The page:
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Fireplace buying tips

There are thousands of gas fireplaces available today, offering infinite designs and styles from high-heat functional to low-heat decorative models. Before choosing your gas fireplace, consider these points:

Location – Where is the fireplace going to go?

  • If it’s going in an existing fireplace, you should limit your search to an insert model fireplace.
  • If the fireplace is to be vented up an existing chimney, ask your contractor about a suitable approved gravity-venting chimney liner.
  • If it’s a direct vent, make sure there is adequate clearance on the exterior wall.

Size – How much heat output do you need?

  • You may not need a powerful gas fireplace if you also have natural gas space heating. A contractor can advise you on the Btu needed to complement your current heating equipment.
  • Consider whether looks are more important than heating performance.
  • Measure the space you’re filling and decide what physical dimensions will be right for the room size and layout.

Style – What will complement the space?

  • Consider what kind of style, colour and trim will work best with the room décor.
  • If there’s no existing fireplace to fill, you can choose any wall or corner you like to install your new gas fireplace.
  • Look at all the available styles and consider what works best – classical, traditional, rustic, grand or modern.
  • With so much choice available, you should be able to get the exact combination of style, performance, energy efficiency and price to suit your design and budget.

Features – What’s important to you?

  • Clear face glass panels have become popular, and look more like a real log fire.
  • Consider how much heat you need to circulate. If you’re leaning toward a model with a fan or blower, note that a built-in fan can sometimes be noisy. A ceiling fan may work better for improving heat distribution in your particular room.
  • Ceramic glass is usual on higher-end models. Tougher than tempered glass, ceramic withstands higher temperatures and radiates more heat.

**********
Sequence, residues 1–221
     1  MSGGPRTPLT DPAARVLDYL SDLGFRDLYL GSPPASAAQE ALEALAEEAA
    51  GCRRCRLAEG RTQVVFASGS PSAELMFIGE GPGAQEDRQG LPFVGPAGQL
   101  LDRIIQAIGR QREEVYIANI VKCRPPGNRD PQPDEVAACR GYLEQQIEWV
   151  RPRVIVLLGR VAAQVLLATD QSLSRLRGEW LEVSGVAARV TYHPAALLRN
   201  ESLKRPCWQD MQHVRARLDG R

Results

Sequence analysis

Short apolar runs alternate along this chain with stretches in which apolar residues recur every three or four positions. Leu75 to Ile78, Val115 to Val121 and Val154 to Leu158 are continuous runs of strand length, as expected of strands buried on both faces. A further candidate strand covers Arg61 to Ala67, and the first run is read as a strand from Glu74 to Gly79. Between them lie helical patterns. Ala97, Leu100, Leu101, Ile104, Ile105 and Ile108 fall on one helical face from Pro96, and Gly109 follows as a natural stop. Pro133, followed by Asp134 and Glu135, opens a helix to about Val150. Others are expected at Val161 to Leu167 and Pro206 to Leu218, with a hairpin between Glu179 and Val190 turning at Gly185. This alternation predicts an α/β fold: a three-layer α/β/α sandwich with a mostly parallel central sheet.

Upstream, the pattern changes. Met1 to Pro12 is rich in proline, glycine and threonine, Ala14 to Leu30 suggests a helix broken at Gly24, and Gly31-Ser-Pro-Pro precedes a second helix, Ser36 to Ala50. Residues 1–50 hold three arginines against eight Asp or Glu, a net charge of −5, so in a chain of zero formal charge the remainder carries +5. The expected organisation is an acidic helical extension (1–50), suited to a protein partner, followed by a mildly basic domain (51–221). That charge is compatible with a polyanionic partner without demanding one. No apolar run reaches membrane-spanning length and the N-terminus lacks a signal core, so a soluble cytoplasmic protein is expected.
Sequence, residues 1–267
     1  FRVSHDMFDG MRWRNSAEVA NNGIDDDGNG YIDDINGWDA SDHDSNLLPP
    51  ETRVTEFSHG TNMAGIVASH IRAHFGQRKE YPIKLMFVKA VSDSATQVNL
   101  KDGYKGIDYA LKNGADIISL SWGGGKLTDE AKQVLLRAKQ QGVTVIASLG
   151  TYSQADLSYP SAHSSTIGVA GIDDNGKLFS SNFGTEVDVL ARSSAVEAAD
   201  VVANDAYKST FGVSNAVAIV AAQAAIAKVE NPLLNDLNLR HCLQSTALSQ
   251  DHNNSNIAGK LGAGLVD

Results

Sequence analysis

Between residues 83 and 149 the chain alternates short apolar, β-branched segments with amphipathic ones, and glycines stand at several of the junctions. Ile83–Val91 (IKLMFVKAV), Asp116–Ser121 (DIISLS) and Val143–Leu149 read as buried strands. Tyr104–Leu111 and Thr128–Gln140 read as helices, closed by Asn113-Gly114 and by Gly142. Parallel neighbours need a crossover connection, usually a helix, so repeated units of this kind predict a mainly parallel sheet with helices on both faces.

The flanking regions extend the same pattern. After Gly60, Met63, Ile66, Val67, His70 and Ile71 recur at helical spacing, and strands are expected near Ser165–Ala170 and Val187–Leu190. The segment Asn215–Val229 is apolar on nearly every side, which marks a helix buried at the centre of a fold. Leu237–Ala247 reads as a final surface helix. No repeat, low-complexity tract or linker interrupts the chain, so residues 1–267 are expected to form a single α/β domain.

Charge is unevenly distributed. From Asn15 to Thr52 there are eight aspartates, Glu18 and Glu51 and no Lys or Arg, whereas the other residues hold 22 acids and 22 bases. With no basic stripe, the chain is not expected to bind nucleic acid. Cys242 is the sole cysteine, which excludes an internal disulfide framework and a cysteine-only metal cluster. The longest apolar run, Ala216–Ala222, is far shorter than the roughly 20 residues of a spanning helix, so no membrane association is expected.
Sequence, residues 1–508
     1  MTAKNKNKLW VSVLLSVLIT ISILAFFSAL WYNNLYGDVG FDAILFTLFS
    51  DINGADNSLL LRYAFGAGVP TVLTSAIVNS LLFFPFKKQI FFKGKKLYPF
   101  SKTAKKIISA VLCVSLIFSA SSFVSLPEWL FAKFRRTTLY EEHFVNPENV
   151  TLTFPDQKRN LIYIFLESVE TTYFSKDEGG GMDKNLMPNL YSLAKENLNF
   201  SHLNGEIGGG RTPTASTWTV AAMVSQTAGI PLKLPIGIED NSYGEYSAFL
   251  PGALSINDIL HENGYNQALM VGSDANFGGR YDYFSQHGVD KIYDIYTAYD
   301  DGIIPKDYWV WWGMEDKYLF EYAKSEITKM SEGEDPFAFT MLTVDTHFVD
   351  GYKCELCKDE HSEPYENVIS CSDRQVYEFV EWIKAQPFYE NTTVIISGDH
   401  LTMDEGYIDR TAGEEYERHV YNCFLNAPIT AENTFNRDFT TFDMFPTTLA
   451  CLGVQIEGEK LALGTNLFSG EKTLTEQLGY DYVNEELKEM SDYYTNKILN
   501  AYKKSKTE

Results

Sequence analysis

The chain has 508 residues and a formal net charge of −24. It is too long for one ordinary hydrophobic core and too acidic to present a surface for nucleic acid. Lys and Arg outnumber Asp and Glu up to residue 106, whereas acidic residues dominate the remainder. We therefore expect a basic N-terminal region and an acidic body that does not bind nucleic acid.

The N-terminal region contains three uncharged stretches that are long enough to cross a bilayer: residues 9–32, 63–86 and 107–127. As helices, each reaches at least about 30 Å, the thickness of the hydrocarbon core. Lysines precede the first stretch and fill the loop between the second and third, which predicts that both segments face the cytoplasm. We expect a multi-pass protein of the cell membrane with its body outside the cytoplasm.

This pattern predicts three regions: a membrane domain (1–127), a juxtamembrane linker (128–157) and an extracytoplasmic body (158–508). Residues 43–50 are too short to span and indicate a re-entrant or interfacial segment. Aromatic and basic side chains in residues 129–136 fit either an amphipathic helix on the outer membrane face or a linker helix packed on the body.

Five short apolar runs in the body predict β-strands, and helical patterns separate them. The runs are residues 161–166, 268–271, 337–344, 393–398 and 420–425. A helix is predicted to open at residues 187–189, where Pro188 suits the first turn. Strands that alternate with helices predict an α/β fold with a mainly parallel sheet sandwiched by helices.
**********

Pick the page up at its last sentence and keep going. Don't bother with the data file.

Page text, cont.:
Controls – What will work best for you?

  • Many high-end models have remote controlled on/off, timer settings and temperature settings.
  • Automatic “set and forget” thermostat temperature control helps ensure the room never gets too hot or uncomfortable.
  • With a wide variable-setting “turndown” range you have more control over heat levels; you can moderate your gas usage and improve energy efficiency.

Energy efficiency – What will be better long term?

  • EnerChoice ratings are relative to the gas fireplace – meaning that you can still get a high-efficiency gas fireplace that is not huge, or hugely expensive.
  • A direct vented unit is always going to be more energy efficient than a gravity-vented insert. Ask your contractor for guidance. Biggest is not always best.
  • When considering the energy cost of your unit, an old rule of thumb was that it cost approximately 1 cent per 1,000 Btu per hour. Realistically, the Btu input of the unit and current gas cost will influence actual cost. Your gas fireplace retailer may be able to help you estimate energy consumption and operating costs.

Installation – Who will install it?

  • A gas fireplace must be installed by a qualified professional. Ask your fireplace retailer or look in the Yellow Pages or online under “Heating Contractors.”
  • Most fireplace retailers will have a dedicated installer who can install your fireplace, or work with your builder to install it during new construction.
  • Make sure the manufacturer’s warranty is to your liking and that the installer fulfills the terms and conditions and obtains the requisite permits.

Safety and maintenance – What else do you need?